A non-utility power generator is proposing to retrofit some of its more than 9,000 MW of conventional coal-fired powerplants to operate in a clean-coal mode, using integrated gasification combined-cycle operation (IGCC) to reduce emissions and raise efficiency.
Our point is to prove that the competitive sector can operate in every kind of electric generation, says Scott J. Davido, North-east region president of Princeton, N.J.-based power developer NRG Energy Inc. NRG has completed initial feasibility studies for clean-coal, brownfield development at plants in Connecticut, Delaware, New York and Maryland. Almost all of its coal-fired capacity is located in the Northeastern states, seven of which have joined the Regional Greenhouse Gas Initiative to achieve 10% reduction in GHG by 2020 (ENR 9/5 p. 15).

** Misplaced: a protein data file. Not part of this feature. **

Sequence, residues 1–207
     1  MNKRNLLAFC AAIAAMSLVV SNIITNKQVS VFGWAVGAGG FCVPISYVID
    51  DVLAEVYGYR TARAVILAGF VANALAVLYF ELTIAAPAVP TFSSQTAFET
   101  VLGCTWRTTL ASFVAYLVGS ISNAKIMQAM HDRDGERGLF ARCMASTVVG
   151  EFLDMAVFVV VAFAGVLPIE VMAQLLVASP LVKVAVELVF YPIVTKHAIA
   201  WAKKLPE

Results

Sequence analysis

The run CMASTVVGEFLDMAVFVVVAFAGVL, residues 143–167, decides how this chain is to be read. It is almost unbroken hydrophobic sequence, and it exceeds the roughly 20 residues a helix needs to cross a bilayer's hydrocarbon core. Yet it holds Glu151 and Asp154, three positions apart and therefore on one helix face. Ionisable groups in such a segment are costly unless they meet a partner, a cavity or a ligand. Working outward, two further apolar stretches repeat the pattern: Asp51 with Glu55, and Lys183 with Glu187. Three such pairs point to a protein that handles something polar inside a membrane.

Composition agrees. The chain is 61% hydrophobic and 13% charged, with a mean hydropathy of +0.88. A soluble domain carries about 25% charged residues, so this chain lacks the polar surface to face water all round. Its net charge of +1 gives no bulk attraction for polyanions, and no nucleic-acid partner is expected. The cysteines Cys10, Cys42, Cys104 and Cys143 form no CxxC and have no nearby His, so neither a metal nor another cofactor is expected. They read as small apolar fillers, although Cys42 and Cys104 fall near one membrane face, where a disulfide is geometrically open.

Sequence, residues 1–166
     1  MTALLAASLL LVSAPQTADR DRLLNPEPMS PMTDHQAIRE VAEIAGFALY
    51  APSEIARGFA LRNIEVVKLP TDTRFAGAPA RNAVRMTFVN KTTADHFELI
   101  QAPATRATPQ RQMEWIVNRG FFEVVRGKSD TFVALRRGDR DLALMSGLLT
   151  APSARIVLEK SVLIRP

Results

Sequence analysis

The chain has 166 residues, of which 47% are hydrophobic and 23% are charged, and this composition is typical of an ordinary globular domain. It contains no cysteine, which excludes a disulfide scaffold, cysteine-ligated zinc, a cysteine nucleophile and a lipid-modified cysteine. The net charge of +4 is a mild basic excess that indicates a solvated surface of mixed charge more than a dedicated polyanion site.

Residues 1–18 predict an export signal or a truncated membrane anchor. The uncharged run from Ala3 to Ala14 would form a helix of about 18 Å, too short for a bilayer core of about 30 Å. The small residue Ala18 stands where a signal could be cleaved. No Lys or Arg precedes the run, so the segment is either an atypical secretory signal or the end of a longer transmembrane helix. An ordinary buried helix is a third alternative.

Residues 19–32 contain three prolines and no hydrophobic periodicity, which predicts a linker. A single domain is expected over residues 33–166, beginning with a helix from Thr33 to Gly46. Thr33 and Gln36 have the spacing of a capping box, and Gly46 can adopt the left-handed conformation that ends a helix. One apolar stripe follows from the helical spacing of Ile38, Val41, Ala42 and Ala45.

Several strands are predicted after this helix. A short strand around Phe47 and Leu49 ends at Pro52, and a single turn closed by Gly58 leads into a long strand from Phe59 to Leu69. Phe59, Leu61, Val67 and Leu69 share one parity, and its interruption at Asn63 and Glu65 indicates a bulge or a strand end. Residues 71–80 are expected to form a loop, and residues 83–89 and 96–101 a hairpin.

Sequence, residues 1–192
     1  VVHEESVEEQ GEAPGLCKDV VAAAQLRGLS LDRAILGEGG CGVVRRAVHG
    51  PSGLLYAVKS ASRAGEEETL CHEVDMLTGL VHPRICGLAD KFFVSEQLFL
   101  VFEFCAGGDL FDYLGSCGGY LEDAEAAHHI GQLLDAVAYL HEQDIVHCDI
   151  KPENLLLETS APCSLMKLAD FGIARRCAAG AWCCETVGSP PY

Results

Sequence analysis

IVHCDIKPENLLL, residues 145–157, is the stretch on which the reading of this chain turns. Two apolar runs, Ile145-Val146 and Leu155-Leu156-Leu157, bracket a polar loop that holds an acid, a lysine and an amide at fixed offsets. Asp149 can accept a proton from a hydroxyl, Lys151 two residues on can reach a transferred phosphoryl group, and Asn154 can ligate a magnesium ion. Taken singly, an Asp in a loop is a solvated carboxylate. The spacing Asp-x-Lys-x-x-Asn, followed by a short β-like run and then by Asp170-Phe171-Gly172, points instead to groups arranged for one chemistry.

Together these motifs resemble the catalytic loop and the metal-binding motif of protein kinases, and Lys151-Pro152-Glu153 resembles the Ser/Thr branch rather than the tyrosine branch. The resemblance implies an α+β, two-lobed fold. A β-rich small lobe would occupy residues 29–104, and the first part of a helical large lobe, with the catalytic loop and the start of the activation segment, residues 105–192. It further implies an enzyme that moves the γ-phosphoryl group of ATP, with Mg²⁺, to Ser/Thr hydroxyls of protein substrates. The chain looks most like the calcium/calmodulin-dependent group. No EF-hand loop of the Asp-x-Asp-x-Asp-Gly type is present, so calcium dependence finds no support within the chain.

We would like to see this as a multisite development, says Davido. NRG now is studying whether to publicly commit to permitting and development of one or more of the gasification projects, which could cost about $1 billion each. Davido says he thinks the cost will be well south of that. He says the company could develop as many as three IGCC projects concurrently.
IGCC is widely regarded as the cleanest of the current clean coal technologies, but it costs more than the others (ENR 12/5 p. 20). Davido acknowledges that the first generation will in all likelihood cost more than a conventional pulverized-coal plant, but we think the incremental cost will be justified. Were going to be far more competitive at doing this.
Both gasification and combined-cycle operation are established technologies backed by serious technology purveyors, Davido says.